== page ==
“Visits from the police are not apt to leave a happy atmosphere behind them.”
After being bombed in the Blitz, Paulina Paine was lucky to escape with her life. Though the bombing left her unable to hear, she has become a skilled lip-reader and carved out a pleasant life for herself—until one afternoon, she witnesses an astonishing conversation between two strangers speaking of robbery and murder. What worries her is that if she could see these men, they could see her.
Scotland Yard does not take Paulina’s report seriously, but Maud Silver does. The former governess turned private investigator follows the scantiest of clues to a country house that is seething with crime and treachery.
The Listening Eye is a late entry in the Miss Silver series, published when Patricia Wentworth was in her late seventies, and there is a slightly melancholy air of the lion in winter here. There’s a little more rambling and repetition than usual. The criminal plot is almost ridiculously simple. The book reaches its natural ending, then goes on for three more chapters. Yet I enjoyed almost every minute of it. Wentworth has a knack for creating characters that, while not exactly deep, accomplish exactly what they are meant to. There are genuinely emotional moments mixed in with scenes of humor, suspense and even shock. Much like Miss Silver herself, Wentworth is a seasoned professional, and even if her touch is not as precise as it might be, the reader can still put themselves in her hands without fear of being led astray.
Soon after hearing Paulina Paine’s story, Miss Silver learns that a legendary necklace, rumored to have belonged to Marie Antoinette, has been stolen from business tycoon Lucius Bellingdon. Undercover, she goes to work as a secretary at his country home, which is also shared by Bellingdon’s headstrong daughter Moira and a long-term visitor, his “good friend” Annabel Scott. Elaine Bray, the cousin of his late wife, serves as housekeeper and general gossip. She is an especially valuable source for Miss Silver, “having passed most of her life in other people’s houses without any very settled position or any qualifications for attracting interest or friendship.”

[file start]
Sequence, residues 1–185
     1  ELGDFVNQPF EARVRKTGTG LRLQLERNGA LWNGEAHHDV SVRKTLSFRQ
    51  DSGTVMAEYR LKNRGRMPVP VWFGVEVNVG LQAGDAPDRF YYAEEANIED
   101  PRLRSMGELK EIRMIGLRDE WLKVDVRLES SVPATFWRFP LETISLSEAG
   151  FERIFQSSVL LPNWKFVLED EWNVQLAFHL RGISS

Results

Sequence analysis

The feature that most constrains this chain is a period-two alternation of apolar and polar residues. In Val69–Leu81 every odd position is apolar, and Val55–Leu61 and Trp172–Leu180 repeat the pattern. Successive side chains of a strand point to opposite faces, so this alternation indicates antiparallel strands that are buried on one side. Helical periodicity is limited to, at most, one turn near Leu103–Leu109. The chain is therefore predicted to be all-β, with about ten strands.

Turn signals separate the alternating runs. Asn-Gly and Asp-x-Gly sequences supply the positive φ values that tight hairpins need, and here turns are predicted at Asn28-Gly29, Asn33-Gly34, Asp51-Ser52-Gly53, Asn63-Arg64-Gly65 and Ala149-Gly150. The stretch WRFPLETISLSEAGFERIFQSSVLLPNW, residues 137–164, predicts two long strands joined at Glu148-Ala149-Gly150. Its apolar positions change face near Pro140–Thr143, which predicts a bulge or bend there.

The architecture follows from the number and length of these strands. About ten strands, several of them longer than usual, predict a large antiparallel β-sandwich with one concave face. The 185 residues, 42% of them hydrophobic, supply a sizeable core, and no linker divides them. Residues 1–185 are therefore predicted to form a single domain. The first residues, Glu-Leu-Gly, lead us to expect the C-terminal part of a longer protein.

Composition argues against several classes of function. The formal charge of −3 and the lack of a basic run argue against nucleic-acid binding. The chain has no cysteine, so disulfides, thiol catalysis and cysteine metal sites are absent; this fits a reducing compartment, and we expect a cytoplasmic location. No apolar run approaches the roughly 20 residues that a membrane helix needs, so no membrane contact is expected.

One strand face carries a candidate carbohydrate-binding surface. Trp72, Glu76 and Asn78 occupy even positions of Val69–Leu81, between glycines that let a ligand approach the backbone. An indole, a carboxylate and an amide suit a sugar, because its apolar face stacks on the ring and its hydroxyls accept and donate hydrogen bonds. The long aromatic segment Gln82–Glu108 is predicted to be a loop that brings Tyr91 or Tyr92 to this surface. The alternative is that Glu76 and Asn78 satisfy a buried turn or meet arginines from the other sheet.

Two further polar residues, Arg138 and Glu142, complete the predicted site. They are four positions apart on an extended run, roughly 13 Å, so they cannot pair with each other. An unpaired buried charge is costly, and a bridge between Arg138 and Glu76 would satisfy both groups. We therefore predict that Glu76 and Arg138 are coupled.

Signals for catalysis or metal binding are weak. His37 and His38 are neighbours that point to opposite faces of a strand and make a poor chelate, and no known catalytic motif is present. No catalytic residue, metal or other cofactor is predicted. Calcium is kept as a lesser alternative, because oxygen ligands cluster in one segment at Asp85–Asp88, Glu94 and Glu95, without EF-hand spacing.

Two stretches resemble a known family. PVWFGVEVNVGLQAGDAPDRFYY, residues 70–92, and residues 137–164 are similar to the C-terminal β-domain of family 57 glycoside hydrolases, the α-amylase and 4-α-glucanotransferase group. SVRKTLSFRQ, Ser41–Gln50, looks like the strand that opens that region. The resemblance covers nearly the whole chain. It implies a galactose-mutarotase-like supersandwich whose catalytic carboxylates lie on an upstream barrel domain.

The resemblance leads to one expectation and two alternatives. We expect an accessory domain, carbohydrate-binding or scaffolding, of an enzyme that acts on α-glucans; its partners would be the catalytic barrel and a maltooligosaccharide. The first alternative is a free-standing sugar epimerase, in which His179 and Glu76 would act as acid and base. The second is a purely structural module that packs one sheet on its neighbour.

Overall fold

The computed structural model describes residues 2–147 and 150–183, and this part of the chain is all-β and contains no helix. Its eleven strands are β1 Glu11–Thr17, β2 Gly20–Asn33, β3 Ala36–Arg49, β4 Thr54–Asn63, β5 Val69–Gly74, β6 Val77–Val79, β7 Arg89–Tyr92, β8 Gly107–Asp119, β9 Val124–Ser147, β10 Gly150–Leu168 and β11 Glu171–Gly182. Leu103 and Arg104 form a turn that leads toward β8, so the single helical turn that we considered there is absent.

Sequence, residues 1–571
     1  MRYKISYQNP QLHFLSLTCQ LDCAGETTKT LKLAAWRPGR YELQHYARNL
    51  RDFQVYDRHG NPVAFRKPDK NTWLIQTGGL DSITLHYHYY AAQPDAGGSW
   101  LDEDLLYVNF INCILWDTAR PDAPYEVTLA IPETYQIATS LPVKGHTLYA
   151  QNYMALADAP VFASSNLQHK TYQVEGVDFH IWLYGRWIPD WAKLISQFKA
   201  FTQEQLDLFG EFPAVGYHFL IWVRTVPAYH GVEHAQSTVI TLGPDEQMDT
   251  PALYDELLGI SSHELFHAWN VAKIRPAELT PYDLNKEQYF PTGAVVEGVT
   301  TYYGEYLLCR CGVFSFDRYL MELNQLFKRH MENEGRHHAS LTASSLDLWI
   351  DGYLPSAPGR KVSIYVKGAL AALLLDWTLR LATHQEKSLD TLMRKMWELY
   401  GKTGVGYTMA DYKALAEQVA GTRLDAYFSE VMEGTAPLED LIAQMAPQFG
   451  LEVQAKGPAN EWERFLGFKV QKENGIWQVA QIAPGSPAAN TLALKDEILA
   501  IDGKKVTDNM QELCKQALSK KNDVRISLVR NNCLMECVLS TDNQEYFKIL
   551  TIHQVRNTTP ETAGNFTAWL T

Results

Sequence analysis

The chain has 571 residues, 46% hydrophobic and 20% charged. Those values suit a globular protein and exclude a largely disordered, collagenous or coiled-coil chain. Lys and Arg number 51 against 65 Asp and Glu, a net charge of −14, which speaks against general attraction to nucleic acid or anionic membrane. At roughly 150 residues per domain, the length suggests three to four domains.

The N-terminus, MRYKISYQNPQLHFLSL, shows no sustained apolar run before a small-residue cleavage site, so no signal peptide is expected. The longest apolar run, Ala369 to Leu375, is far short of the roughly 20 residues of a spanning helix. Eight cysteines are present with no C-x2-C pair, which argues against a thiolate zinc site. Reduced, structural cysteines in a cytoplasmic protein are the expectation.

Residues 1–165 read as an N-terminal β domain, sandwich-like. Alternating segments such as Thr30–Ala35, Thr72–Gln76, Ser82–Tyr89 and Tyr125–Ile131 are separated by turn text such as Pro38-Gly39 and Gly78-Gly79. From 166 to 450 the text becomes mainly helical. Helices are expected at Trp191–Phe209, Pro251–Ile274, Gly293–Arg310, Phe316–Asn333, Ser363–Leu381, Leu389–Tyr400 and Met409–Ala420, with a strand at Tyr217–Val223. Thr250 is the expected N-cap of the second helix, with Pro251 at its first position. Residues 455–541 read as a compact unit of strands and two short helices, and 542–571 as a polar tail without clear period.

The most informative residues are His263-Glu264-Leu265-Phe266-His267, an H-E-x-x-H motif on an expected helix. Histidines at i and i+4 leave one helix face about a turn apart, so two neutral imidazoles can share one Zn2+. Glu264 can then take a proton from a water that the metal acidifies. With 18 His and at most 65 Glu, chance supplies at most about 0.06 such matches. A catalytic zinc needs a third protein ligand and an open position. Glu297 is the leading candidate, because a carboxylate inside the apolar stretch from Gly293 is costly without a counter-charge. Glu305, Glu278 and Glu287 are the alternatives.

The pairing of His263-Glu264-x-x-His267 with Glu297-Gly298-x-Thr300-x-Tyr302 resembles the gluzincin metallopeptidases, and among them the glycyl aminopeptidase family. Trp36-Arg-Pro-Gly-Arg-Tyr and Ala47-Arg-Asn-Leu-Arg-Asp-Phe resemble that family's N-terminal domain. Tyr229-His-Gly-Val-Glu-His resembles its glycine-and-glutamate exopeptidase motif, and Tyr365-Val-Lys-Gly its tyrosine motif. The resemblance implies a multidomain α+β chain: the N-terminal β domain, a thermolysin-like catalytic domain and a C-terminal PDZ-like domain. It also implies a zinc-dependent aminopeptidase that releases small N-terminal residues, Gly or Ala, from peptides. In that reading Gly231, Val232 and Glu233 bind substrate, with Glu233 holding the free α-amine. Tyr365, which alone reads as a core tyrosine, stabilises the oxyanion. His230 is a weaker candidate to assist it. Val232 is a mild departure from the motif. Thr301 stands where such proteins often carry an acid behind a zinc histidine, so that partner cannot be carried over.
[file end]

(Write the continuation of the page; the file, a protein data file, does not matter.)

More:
Elaine is frustrated by the unexpected arrival of weekend guests, including Paulina’s tenants, Sally and David, and nephew Wilfrid. The two men are both painters, and both are vying for Sally’s affections. (This mild love triangle takes up an extremely irritating chapter early in the book, but isn’t too intrusive after that.) Much to Sally’s dismay, she seems in danger of losing both men to Moira. Rounding out the party are antiques dealer Clay Masterson, Elaine’s leech-like brother Arnold, and Bellingdon’s secretary Garrard, who is recovering from a very conveniently timed illness. The latter three were also in residence at the time of the theft.
The household revolves around the beautiful Moira, who “didn’t look as if she had a heart to break.” The painter David Moray knows Moira for what she is.
You see, Medusa, she’s human. At least she was, but she’s lost the human touch and whatever she looks at loses it too. She drains it out till there’s no warmth or feeling left. Just poison and bright ice—that’s what I’ve got to try and paint, not snakes in the hair.
(Unsurprisingly, modern art doesn’t come off too well here. Even before stumbling upon the criminal conspiracy, Paulina is distressed by the avant-garde paintings of David and Wilfrid. “A good many of the pictures might have looked better if it had not been possible to see them quite so clearly […] She simply coudn’t imagine what she could possibly say about it to Hilda. The word daring presented itself.” Later, Annabel is just as confused by a description of Wilfrid’s work. “Darling, I should hate to have a pink aspidistra in my Unconscious!” Moira speaks up in defense of art: “It was the pot that was pink.”)
The more Miss Silver’s investigation seems to focus on the Bellingdon household, the more her client Lucius protests. She pays him no mind. “It was by no means Miss Silver’s first experience of being invited to an investigation which subsequently proved very little to the taste of the person who had invited her.”
By this point in her career, Miss Silver is starting to become a victim of her own success. Her attempt to go undercover is foiled when one suspect recognizes her immediately due to a mutual friend who was featured in The Brading Collection. Such minor spoilers for earlier cases are a common hazard for the series, as Miss Silver presides over a vast network of grateful former suspects. Since many of Wentworth’s books exist in an interchangeable haze, however, it doesn’t do much harm to learn who didn’t do it in a previous novel.
Scotland Yard Inspector Frank Abbott views Miss Silver as “a fixed point in a changing world,” a comforting Edwardian nanny let loose in the atomic age. She is often perceived as a problem-solver, or a busybody. In fact, Miss Silver’s great gift is the ability to not interfere. Letting people reveal what they want to share is often more revealing than pointed questioning. Those who come to Miss Silver for comfort or direction tend to find neither, but supplicants who are willing to think hard about their own situations usually come away a little wiser, while those who are not walk away empty-handed. Miss Silver has been alive for many years and she is not in the business of saving people. She has learned that people can only save themselves.
This title is in the public domain in Canada. A free ebook is available via Faded Page.